Are Soy Beans Good for Diabetes? may earn compensation through affiliate links in this story.
A young woman looking at a wall of soybeans.
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Soybeans contain rich amounts of vegetable protein. Americans commonly eat soybeans and soy foods in place of animal protein in vegetarian diets, but science suggests soybeans are beneficial for more than just their protein content. Soybeans provide a concentrated source of compounds called isoflavones, also referred to as phytoestrogens, because their structure resembles the female hormone estrogen. These compounds offer potential benefits for individuals with diabetes.

Benefits Postmenopausal Women With Diabetes

Insulin resistance is a common characteristic of type 2 diabetes and occurs when your cells become insensitive to the effects of insulin. Having Type 2 diabetes increases the risk of heart disease, especially for postmenopausal women. Data suggests soybeans benefit postmenopausal women with type 2 diabetes, according to a study published in the October 2002 edition of "Diabetes Care." The study found that phytoestrogens in soy decreased heart disease risk by improving insulin resistance and cholesterol in postmenopausal women with type 2 diabetes.

Improves Glycemic Control

Soybean supplementation can help control blood glucose if you have type 2 diabetes, researchers in Korea report in a study involving participants who took 69 grams of roasted soybean powder three times daily for four weeks. Soybean supplementation resulted in significant improvements in fasting glucose and post-meal glucose levels, according to the study, published in the journal "Nutrition and Research Practice" in September 2008.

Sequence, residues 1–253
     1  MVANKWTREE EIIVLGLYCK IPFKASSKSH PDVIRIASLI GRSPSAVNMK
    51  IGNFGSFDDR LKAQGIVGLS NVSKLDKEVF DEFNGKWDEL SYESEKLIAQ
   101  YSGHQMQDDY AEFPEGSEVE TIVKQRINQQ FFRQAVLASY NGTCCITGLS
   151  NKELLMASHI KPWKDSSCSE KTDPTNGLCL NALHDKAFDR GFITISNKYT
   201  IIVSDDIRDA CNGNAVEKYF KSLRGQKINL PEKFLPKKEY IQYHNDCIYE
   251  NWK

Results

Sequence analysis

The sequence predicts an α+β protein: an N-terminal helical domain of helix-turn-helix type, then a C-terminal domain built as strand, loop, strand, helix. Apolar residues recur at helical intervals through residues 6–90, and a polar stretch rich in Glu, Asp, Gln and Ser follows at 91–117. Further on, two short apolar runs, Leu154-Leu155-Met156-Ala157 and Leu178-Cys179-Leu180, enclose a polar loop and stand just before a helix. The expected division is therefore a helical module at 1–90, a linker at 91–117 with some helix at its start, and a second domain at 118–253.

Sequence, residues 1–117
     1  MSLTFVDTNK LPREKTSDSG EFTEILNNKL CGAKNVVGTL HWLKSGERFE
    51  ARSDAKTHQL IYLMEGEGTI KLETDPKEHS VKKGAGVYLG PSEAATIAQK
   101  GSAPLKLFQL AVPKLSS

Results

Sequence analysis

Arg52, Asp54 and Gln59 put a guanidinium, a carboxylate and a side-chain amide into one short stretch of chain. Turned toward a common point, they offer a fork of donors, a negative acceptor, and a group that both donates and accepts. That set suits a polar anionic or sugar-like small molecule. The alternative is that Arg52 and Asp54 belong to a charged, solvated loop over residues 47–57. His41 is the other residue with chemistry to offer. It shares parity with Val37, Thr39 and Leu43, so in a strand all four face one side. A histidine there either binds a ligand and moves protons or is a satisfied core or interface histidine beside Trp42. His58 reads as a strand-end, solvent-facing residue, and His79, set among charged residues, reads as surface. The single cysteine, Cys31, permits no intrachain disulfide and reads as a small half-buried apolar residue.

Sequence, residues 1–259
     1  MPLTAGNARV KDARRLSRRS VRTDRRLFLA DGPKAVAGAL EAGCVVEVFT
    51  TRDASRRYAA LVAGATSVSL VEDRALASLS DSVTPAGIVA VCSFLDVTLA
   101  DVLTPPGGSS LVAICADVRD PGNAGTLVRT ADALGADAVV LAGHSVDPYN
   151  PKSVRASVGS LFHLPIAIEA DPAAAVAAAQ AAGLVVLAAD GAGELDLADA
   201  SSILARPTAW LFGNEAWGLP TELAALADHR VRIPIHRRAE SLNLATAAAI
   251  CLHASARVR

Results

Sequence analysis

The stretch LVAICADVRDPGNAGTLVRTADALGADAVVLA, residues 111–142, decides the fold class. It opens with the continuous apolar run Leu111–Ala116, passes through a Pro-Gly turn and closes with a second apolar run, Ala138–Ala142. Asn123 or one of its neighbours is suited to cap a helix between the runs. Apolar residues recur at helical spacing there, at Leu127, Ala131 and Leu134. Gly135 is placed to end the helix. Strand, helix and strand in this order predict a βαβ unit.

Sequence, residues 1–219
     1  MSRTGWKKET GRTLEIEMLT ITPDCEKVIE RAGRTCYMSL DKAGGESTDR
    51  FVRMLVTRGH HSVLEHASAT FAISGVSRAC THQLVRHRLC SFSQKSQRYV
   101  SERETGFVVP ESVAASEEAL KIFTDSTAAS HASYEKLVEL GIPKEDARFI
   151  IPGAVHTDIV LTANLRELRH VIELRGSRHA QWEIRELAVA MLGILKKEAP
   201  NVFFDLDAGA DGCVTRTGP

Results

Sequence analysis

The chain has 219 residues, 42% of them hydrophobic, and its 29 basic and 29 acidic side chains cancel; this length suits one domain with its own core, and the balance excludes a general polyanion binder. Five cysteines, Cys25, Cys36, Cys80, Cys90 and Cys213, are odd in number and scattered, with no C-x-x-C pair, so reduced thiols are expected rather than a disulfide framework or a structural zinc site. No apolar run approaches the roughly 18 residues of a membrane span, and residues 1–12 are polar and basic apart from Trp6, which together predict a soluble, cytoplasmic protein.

Help for Diabetic Kidney Complications

Nephropathy is a common complication of diabetes that occurs when kidney structures called nephrons sustain damage. Individuals with diabetes often exhibit nephrons that thicken and become scarred over time. In an animal experiment, scientists discovered soybean consumption helps with kidney scarring and function. In an article published in the December 2010 edition of "Evidence-Based Complementary and Alternative Medicine," the researchers postulated that eating soybeans to improve glucose control may prevent complications such as nephropathy.

Fermented vs. Nonfermented

Soybeans have a low-glycemic index and are rich in fiber, making them a good addition to your diet if you have type 2 diabetes. The serving size for beans, including soybeans, is 1/2 cup cooked. If you're interested in adding soybeans to your diet, fermented soybeans appear more beneficial for type 2 diabetes than nonfermented varieties, according to a review published in "Nutrition Research" in January 2010.

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